Friday, August 25, 2006

Propietary Software and openSUSE

There have been some comments on an ZDnet article including one from Linspire that was brought a few days ago to my attention which turns into advocation of their new Freespire release.


I'd like to comment especially on Kevin Carmony's Linspire letter and explain what openSUSE is, since there seem to be some misconceptions.


Proprietary Applications


The ZDnet article rightly claims that we "have ceased distributing proprietary software modules such as 3D video drivers that plug into the Linux kernel". From this Kevin Carmony concludes that Novell removed "proprietary software from their Linux offerings" which is plainly wrong. SUSE Linux 10.1 comes with six CDs. The first five contain only Open Source software, only the last one (if you download: the binary add-on CD) contains proprietary software. Freespire speaks about their "OSS Edition", a term SUSE Linux 10.0 already used a year ago.


The list of commercial software on SUSE Linux 10.1 (full list available at Novell's website) includes Adobe Acrobat Reader, Java, Opera, and RealPlayer.


To be clear, I'm mainly talking about the openSUSE distribution, but let me point out that SUSE Linux Enterprise Desktop 10 also comes with proprietary software including Adobe Acrobat Reader, Java and RealPlayer, and that SUSE Linux Enterprise Server 10 provides Java as well, for examples.


openSUSE 10.2 (the successor to SUSE Linux 10.1) will follow the same model as SUSE Linux 10.1 in distributing and supporting both Open Source and proprietary software - and leaving the user a choice.


I love open source and that's why I'm working on openSUSE. I do also use proprietary software and consider it vital to have a good and stable platform on which both Open Source developers and proprietary software vendors can develop software. Users using this platform are free to use the software of their choice. With Linux and openSUSE, there's such a platform. For mixed source source, I suggest reading our CTO's blog.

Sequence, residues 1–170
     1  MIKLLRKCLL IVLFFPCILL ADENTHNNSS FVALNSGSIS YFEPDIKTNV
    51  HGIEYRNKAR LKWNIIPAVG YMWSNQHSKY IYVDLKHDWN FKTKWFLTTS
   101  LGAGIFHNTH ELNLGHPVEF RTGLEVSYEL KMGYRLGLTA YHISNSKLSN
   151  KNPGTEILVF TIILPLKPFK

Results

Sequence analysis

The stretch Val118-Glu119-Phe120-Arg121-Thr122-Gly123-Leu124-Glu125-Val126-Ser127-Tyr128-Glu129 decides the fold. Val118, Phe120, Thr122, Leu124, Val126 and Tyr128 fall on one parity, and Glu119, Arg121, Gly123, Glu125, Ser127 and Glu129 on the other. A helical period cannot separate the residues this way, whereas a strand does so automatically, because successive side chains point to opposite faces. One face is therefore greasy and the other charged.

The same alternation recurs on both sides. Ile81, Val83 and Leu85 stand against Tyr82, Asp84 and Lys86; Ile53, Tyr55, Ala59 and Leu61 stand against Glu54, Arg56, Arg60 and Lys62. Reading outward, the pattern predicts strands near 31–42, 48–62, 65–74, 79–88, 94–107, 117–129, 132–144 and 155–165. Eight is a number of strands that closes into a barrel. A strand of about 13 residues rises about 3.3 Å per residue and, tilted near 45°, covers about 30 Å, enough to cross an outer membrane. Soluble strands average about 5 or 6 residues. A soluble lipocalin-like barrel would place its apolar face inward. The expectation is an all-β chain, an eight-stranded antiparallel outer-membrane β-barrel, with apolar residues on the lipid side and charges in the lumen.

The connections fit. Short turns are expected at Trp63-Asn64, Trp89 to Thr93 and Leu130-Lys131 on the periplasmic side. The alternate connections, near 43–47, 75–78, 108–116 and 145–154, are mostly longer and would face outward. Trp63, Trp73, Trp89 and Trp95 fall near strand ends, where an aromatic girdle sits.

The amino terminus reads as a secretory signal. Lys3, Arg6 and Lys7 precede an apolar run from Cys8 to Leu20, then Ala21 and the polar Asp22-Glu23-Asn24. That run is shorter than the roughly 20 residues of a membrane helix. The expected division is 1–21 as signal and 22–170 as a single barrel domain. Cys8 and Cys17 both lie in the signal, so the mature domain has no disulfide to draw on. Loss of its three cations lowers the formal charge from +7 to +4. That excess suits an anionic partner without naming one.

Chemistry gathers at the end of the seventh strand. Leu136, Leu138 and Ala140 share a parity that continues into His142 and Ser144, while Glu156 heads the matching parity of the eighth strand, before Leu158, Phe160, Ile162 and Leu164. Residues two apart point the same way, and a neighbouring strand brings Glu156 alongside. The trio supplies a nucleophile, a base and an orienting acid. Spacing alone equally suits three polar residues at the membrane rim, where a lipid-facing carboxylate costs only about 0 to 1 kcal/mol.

The Free Standards Group with their Linux Standard Base (LSB) standardizes a application binary interface allowing application developers to build software that runs on any LSB certified platform. Recently both MySQL and RealPlayer certified their applications by the LSB.


Novell has certified all their recent distributions by the LSB, including the just announced SUSE Linux Enterprise 10 products as well as SUSE Linux 10.1. This is a clear commitment by Novell to a standard conforming base that both proprietary software vendors and open source developers can use. If you look at the other distributors certifying their products, you see there a few others as well - including Red Hat. But there is no certification for Fedora and neither for Linspire/Freespire.